“I’ll be waiting for you outside my house. Be there at nine sharp.”‘ (Weyn, 20) Amber got her information, so couldn’t anybody else who had her barcode? Why couldn’t Kayla refuse the barcode from her friend? In conclusion, anyone’s information could be anywhere and they could not even realize it.Thirdly, The book explained how future technology cannot be trusted by the American people. As shown by Kayla’s father killing himself, her mother self mutilating her code off and getting killed, Toz and Mava getting killed by disobeying the barcode authority and Amber’s Parents’ barcodes not working and being declined at stores, this shows that this is a danger not only to them but if the barcode becomes a thing later, it could mean dangerous things. When Amber is moving to Nevada on page 28 when she says that none of their parent’s stuff if working and that they need Amber in order to get there. “Amber pressed her forehead on Kayla’s shoulder as sobs shook her body.
“I have to go with them,” she spoke through her tears. “‘They need me or they’re not going anywhere.” “What do you mean?” Amber held out her wrist. “This is the only barcode that works at the gas pump.
” “Are you kidding?” Kayla cried. “Don’t they have e-cards?” “They didn’t work when they tried them,” Amber replied. “My code works, though. Dad had his last e-deposit sent to my account. Mom dumped all her accounts into it, too.” She laughed miserably.
“Hey, they’d better be nice to me. I have all their money.” “This is so banged out!”‘(Weyn, 28) Another example is on page 72 when Toz had been killed and Mava had been arrested for helping Kayla Escape the government. “Toz!” Mava screamed. Toz grabbed the wheel and hit the electric speed pedal. Then he slammed forward onto the steering wheel. A cement wall that bordered the toll lane loomed in front of them. Mava grabbed the steering wheel and pulled it, riding the car along the wall on two wheels for seconds, and then glass shattered as the car smashed onto its side and slid.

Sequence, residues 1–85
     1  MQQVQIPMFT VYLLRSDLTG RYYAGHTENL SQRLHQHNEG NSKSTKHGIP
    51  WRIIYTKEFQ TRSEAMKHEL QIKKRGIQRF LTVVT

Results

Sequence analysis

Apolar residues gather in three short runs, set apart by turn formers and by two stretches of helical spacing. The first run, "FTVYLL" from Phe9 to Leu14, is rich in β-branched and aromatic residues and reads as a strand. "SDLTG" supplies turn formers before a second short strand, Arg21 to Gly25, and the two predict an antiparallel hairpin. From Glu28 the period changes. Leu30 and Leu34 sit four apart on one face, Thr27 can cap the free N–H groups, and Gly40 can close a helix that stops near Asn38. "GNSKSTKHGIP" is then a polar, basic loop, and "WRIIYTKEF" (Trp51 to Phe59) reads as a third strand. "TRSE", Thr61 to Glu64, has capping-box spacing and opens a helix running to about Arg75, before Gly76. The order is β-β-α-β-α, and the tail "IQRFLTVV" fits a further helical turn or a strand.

Kayla flew forward, hitting the windshield. From somewhere a siren howled. “Toz,” Mava sobbed, leaning on her husband.
“Toz, wake up.” Toz lay slumped over, not responding. Mava’s head was bleeding and Kayla cringed at the unnatural angle at which the old woman’s arm hung. Strobing red lights passed over them as Global officers cars screeched to the scene of the accident. “Kayla,” Mava cried. “Are you all right?” “Yes, I think so,” Kayla replied. “Then get out of here now. Run.
You can get away.” “I can’t leave you!” “You can’t help us. As soon as they take us to the hospital, we’re dead. Toz is dead now.” Mava’s blue eyes held Kayla in their gaze. “Quickly.
Go.” (Weyn, 72) In conclusion, the barcode had caused many problems with people close to Kayla. In Conclusion, The barcode tattoo shows us how society should be warned. Although the book was published in 2004, most of its properties can still be affected today, 13 years later, such as politicians with interests in companies, Such as Donald Trump and The Trump Organization. The same thing goes with the government taking away rights such as freedom to have different opinions and decisions.
The tattoo had also caused some serious loss in Kayla’s life, such as her parents, Toz and Mava, and Amber(who moved away.) In conclusion, the book showed how we can improve our future and our current society as a whole, and not end up what Weyn described in her novel.